I need that sauna now…

Who Said There’s No Water?

Just because there's no water coming from the pipes, doesn't mean there's no water...

After a long and agonizing night of sweating out yet another fever of 38.1°C I was hoping to have a refreshing shower and put on a healthy and brave face on Sunday morning. Hopefully I’m not jinxing it, but we’ve had no electricity cut for a day and a half now… But I’ve found a new phenomenon: electricity = no water and vice versa. I’m glad there’s lots of H2O pouring down naturally. (Note to self: mentioning the fact that there’s no power cuts leads to an immediate power cut).

Just take the buckets outside and you’re sorted! It didn’t take more than 7 minutes for the bucket to be full! I’m hoping that today (Monday) there will be rain like yesterday, so I can fill my buckets again.

Mvua ni Baraka – Rain is a Blessing

Blessings raining down on us at Lavoir on my birthday.

Last Saturday was my birthday. I dreamt of being anywhere else  but in rainy and chilly Mwanza; Zanzibar, Dar, Serengeti, Mombasa. However I was still not feeling good after a suspected malaria and all the meds, so I decided to stay in town. On Saturday morning I woke up as usual, at 7am for a breakfast of instant coffee, powdered milk, chapati and white bread (carbohydrates much?). A retired  Belgian professor called Theresa teaching sociology and an Ethiopian Dr. teaching social ethics and comparative religion remembered I wasn’t supposed to be around on Saturday because of my birthday, and sang to me happy birthday in an empty canteen at 7am. That was the beginning of my blessed and rainy birthday.

The graduation of over 3,000 students in one day is not easy to organize, and I would have loved to have seen three of my classmates graduating. But the rain… There was no way I was going to the grounds to get another fever, especially since I had no idea at what time between 10am and 5pm my classmates would be graduating. So instead I headed to town with my other classmate, Kilian, who had already graduated from Tumaini University to get a card for Mboya, who was going to have a party later in the evening.

The road to the Butimba prison.

Before making it to town we went to visit one of our MAMC2 colleagues, who happens to be working for the Butimba prison. After the blessed rain of the morning the air was perfect for a long walk, so Kilian, his neighbor and I decided to take a hike. Especially since most of the daladalas were full and the roads congested with graduands/graduates and their relatives.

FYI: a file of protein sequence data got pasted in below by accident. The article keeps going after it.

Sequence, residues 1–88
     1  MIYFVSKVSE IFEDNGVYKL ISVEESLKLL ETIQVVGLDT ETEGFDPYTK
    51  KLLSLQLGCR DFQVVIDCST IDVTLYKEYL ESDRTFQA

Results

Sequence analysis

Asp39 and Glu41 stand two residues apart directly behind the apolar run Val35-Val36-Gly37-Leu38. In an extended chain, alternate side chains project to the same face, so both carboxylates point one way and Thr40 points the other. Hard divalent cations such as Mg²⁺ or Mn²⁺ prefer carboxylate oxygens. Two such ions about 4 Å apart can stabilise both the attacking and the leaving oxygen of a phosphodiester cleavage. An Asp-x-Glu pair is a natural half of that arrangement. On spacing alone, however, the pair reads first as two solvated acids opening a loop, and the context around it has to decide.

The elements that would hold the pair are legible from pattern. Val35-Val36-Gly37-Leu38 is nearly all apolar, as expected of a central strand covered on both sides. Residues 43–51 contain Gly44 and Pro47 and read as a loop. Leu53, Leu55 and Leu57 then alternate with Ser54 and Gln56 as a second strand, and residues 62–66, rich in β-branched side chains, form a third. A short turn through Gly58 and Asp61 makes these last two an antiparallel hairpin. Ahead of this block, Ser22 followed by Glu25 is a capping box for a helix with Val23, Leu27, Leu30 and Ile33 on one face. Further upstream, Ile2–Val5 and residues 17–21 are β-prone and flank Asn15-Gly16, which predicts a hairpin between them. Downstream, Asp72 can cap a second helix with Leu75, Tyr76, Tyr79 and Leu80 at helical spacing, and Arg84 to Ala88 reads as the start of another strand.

The prison grounds started after this hill (on the left), so the camera went back in to my bag quite quickly after taking this picture. Kilian also knows a thing or two about TPS (Tanzania Prisons Service), since he works for them as well.

Looking at the walls of the women’s prison from my classmate’s house was intriguing. However I definitely felt safe spending my birthday in the company of two guys from the TPS and a police officer.

After a long daladala ride in the traffic jam caused by the graduates going to town take pictures by the infamous fish in the middle of a ‘kipi lefti’ in town, we found all stationaries were out of ‘Congratulations’ cards or shut already. After walking about for a while we decided to give up and just go back to our hoods in Nyegezi. 

Funnily enough just hopping off the daladala in Nyegezi corner I found a big bottle of Grant’s, a nice card and a box for the bottle. Problem solved. Although yesterday I found out that the lady at the stationary knew Mboya, and had told him everything. She had apparently asked Mboya why that mzungu (me) spoke such good Kiswahili. Oh well, it’s the thought that matters, really.

We walked to Tema Hotel, where Mboya was to have his graduation party. Apparently Tema Hotel used to be the place to be… back in the 80’s and 90’s. Now it’s not very well looked after, but the owner and staff are nice. And Mboya got to organize his hard-earned graduation party. I can only try to imagine the hell he’s been through trying to work full-time and study full-time, all at the same time.

 So no regrets whatsoever that I didn’t spend my birthday in the Indian Ocean. I even got fed cake at Mboya’s and his friend’s Betty’s graduation party. I would put a picture here for you, but unfortunately the picture wasn’t very flattering, so I’ll just share the graduation / birthday portrait. 😉

 

 

The Bad Bad West and other unfortunate things

David Cameron did not know what a storm he was starting in a teacup, when he said that aid to countries with poor records on homosexual rights would be cut. (Please note the word cut, not withdrawn completely.) According to the Daily Mail (10th October 2011) the British government has already cut aid to Malawi by 19 million pounds after two gay men were sentenced to 14 years hard labour. Mr Cameron brought the issue up in a meeting of the Commonwealth Heads of State in Perth, Australia.